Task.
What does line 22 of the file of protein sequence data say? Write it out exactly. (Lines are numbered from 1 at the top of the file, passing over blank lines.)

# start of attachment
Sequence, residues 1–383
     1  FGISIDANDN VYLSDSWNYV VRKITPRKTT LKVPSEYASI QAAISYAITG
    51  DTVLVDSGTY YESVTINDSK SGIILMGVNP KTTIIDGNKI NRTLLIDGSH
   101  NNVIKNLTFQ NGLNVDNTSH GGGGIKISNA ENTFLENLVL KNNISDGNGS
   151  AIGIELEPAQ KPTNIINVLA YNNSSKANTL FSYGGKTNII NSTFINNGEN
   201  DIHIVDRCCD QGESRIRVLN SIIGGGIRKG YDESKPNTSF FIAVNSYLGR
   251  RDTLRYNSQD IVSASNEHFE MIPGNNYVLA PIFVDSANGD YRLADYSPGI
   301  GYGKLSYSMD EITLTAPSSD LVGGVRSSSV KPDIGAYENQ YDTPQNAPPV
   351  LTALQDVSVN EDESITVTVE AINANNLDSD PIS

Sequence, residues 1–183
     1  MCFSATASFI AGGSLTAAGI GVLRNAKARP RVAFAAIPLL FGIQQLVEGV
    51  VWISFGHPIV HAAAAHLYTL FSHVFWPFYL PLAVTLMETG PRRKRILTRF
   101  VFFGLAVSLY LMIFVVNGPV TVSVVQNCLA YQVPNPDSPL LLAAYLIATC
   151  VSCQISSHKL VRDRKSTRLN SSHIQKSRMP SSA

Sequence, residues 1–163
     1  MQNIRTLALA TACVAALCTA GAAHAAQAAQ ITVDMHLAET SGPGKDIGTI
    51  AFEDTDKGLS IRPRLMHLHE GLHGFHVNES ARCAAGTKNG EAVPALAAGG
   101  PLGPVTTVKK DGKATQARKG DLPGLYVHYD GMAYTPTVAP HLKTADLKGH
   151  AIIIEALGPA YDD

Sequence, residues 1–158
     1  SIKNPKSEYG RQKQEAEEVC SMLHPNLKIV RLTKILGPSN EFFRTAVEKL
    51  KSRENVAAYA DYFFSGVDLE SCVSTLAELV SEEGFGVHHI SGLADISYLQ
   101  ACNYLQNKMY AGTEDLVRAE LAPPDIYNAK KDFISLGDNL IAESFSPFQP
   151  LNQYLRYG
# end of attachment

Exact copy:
    51  KSRENVAAYA DYFFSGVDLE SCVSTLAELV SEEGFGVHHI SGLADISYLQ